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Rittenhouse, Jessie B(elle)

RITTENHOUSE, Jessie B(elle)

Born 8 December 1869, Mount Morris, New York; died 28 September 1948, Detroit, Michigan

Daughter of John E. and Mary J. MacArthur Rittenhouse; married Clinton Scollard, 1924

Jessie B. Rittenhouse was the fifth of seven children. Her early years were spent within the circle of a large and prosperous farm family in New York's Genesee Valley. She attended Nunda Academy, New York, and went on to the Genesee Wesleyan Seminary at Lima, New York, where she became absorbed in reading the poetry of Tennyson and Browning. Rittenhouse's schooling was interrupted when financial misfortunes caused the family to move to Cheboygan, Michigan. Having to support herself, Rittenhouse reluctantly chose to teach Latin and English. An aunt, seeing her anguish, suggested she write a poem. Instead, Rittenhouse wrote an article on St. Augustine, Florida, which she sold to the Rochester Union and Advertiser.

Stimulated by her success, Rittenhouse moved to Rochester to work for the Democrat and Chronicle. Between 1905 and 1915, Rittenhouse served as a reviewer for the New York Times Review of Books and the Bookman and lectured widely on modern poetry.

Throughout her career, Rittenhouse was acquainted with many literary figures. In 1901 she helped found the Poetry Society of America, which she served as secretary for 10 years. In 1930 she shared the society's bronze medal for distinguished service with her husband, the poet Clinton Scollard. Rittenhouse's first book of poems, The Door of Dreams, did not appear until 1918. Her fourth and last volume, The Moving Tide: New and Selected Poems (1939), was awarded a gold medal by the National Poetry Center.

After her husband's death in 1932, Rittenhouse moved to Grosse Pointe, Michigan, and wrote her autobiography, My House of Life (1934). The publication of The Younger American Poets in 1904 advanced Rittenhouse into the front rank of literary critics. Keenly aware of the neglect of American poetry, and of young American poets in particular, Rittenhouse focuses her discussions on the work of 18 relatively unknown poets. But it was her "instinct for the popular and salable anthology" that produced The Little Book of Modern Verse in 1913, with new versions in 1919 and 1923, and brought Rittenhouse's name before a wide reading public. Represented in these anthologies are the best-known poets of the earlier part of the 20th century.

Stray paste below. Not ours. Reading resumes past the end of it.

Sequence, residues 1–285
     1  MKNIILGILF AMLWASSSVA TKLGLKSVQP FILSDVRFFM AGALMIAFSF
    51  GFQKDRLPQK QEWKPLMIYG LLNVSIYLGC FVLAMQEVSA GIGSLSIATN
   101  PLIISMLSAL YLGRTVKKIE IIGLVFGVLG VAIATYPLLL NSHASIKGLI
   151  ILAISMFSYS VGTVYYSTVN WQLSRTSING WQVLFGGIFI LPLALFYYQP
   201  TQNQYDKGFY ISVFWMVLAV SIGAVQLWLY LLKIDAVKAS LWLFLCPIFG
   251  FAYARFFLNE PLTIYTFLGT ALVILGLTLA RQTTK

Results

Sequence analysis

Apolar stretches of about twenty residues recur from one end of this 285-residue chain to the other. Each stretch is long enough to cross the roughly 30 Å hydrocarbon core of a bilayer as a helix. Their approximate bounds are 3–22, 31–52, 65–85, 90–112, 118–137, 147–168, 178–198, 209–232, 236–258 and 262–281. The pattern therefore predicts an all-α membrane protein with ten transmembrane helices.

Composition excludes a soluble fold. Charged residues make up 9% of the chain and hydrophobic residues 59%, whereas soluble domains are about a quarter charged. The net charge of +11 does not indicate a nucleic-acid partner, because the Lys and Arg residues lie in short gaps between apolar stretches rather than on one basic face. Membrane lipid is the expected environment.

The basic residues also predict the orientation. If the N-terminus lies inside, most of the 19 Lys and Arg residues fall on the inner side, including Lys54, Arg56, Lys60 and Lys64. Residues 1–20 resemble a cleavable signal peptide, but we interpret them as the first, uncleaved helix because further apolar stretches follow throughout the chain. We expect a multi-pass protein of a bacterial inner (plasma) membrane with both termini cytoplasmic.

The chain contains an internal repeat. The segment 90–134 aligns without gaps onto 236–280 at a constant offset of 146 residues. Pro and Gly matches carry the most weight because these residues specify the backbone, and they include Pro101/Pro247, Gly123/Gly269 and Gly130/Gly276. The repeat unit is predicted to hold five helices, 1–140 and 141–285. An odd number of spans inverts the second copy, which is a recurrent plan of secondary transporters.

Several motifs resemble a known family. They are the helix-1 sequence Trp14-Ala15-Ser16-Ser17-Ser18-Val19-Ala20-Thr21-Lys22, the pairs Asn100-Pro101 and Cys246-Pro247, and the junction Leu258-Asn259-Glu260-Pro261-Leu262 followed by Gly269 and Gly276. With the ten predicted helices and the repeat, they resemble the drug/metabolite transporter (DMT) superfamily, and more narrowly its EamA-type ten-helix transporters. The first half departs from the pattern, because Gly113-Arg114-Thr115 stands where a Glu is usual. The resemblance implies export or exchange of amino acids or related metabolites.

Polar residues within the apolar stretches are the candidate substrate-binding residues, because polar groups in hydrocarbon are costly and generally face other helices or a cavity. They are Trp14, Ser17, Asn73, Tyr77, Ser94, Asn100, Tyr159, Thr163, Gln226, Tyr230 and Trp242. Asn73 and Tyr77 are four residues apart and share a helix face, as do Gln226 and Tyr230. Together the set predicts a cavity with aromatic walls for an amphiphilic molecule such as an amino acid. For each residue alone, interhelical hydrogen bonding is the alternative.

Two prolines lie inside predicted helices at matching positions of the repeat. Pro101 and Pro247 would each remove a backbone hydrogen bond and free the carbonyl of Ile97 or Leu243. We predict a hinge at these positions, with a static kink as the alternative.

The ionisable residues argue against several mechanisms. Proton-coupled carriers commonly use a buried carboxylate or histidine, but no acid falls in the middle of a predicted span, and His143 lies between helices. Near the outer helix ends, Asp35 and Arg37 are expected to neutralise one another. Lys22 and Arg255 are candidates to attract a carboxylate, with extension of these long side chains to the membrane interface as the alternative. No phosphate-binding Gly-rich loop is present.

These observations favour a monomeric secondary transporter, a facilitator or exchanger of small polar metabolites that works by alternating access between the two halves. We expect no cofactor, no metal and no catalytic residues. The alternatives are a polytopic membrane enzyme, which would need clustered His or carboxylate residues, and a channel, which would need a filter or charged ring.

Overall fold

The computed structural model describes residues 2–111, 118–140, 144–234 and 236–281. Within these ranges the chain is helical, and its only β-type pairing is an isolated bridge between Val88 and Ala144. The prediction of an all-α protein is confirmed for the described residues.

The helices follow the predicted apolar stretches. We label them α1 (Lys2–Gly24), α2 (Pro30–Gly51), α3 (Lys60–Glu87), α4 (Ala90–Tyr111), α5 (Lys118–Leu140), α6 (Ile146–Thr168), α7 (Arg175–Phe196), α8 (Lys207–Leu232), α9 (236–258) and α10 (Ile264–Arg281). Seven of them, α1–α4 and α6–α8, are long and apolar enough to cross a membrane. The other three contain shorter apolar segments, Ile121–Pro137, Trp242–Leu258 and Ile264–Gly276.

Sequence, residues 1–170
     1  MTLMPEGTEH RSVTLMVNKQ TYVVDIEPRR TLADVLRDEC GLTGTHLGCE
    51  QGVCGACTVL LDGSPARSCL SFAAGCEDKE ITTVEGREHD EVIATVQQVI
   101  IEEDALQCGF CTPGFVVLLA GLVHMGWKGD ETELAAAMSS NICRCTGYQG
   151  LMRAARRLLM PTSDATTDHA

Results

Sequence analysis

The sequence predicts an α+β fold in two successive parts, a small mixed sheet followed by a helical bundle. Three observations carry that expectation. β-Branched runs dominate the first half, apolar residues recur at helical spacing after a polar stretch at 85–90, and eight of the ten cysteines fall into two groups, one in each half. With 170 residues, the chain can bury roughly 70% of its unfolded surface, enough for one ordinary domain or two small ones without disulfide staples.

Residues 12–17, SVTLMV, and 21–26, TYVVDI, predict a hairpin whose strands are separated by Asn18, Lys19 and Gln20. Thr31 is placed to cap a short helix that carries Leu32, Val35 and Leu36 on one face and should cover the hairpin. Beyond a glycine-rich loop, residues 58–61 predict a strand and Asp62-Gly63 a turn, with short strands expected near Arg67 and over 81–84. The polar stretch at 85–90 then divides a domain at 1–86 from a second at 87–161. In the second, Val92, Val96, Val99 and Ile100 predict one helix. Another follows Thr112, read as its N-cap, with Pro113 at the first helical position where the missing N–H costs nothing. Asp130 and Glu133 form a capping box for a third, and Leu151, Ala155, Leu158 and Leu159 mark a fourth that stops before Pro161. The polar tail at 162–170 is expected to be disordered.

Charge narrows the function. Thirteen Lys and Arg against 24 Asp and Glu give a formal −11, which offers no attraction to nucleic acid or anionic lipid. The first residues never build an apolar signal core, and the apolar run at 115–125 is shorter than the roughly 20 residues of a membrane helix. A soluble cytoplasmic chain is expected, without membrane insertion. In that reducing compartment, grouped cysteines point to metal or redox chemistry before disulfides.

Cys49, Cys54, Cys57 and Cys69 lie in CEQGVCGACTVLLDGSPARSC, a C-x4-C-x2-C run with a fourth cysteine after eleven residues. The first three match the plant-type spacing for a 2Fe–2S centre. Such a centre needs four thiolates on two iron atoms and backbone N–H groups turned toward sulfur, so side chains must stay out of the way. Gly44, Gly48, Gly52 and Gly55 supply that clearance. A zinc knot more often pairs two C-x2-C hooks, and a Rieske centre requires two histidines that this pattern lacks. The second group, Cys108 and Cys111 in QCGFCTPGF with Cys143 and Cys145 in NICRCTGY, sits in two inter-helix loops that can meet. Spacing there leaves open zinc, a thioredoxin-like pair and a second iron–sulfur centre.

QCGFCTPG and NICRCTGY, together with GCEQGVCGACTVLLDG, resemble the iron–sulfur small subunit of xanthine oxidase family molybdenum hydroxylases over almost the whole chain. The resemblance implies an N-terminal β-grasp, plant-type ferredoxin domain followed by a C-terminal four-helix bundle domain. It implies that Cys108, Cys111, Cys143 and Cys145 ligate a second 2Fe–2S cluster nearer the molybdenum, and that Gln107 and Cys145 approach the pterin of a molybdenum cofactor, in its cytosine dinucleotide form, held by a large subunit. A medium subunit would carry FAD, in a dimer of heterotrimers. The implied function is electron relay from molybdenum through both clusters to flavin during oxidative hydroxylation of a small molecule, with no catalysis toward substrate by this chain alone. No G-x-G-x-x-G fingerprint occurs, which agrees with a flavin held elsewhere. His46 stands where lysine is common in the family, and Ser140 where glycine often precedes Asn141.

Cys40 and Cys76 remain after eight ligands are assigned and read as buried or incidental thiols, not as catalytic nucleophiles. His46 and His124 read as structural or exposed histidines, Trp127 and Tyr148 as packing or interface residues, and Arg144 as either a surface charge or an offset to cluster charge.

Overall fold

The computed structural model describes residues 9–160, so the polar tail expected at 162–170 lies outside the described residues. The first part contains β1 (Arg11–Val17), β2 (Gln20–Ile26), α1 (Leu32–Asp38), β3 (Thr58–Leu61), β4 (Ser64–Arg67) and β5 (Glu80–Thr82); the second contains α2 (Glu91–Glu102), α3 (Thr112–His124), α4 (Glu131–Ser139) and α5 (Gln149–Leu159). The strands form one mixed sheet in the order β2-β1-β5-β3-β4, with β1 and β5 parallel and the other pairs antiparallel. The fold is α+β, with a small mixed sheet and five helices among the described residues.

Rittenhouse's poems appeared in many periodicals. Focusing on love and loss, with nature and war as secondary themes, the poems were characterized as "slight," "gentle," and "graceful." One critic viewed her work as "more distinguished for grace and perfection than warmth of imagination." Rittenhouse had no illusions about the worth of her own poetry, nor did she, as anthologist, fail to recognize clearly the difficulties of keeping her perspective in regard to her contemporaries. The style of her compilations was innovative in that she abandoned the conventional chronological method of arrangement in favor of one along thematic lines.

Rittenhouse was an important moving force in American poetry in the earlier part of this century-she built morale and established a sense of community among poets and also awakened the reading public to the new directions poetry was taking. As we consider the scope and variety of her contributions, it is safe to say that her services to American poetry have been greatly undervalued.

Other Works:

The Secret Bird (1919). The Lifted Cup (1924).

Bibliography:

Cook, W. H., Our Poets of Today (1918). Davidson, G., In Fealty to Apollo (1950). Untermeyer, L., The New Era in American Poetry (1919). Widdemer, M., Jessie Rittenhouse: A Centenary Memoir-Anthology (1969).

Reference works:

DAB. NAW (1971). TCA. TCAS.

Other references:

Detroit News (29 Sept. 1948). NYT (30 Sept. 1948). Saturday Review (30 Oct. 1948).

—VIRGINIA R. TERRIS

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